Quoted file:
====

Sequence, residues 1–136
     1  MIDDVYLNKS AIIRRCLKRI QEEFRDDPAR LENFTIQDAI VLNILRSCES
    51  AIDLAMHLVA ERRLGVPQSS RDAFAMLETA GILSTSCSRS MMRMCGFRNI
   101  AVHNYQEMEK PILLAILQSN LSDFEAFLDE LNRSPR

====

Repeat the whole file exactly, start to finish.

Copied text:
Sequence, residues 1–136
     1  MIDDVYLNKS AIIRRCLKRI QEEFRDDPAR LENFTIQDAI VLNILRSCES
    51  AIDLAMHLVA ERRLGVPQSS RDAFAMLETA GILSTSCSRS MMRMCGFRNI
   101  AVHNYQEMEK PILLAILQSN LSDFEAFLDE LNRSPR